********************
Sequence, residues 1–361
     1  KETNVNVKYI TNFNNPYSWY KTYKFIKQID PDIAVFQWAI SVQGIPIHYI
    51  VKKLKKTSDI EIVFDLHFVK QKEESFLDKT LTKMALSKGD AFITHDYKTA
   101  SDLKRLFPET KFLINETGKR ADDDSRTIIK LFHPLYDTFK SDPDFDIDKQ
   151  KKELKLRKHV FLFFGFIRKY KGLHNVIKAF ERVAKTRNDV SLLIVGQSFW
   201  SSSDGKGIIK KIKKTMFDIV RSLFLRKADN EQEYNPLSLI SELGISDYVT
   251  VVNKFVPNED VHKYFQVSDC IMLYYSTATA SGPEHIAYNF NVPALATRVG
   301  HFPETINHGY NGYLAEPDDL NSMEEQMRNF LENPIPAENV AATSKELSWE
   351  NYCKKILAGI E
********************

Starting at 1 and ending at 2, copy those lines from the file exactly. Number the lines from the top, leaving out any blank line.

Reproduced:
Sequence, residues 1–361
     1  KETNVNVKYI TNFNNPYSWY KTYKFIKQID PDIAVFQWAI SVQGIPIHYI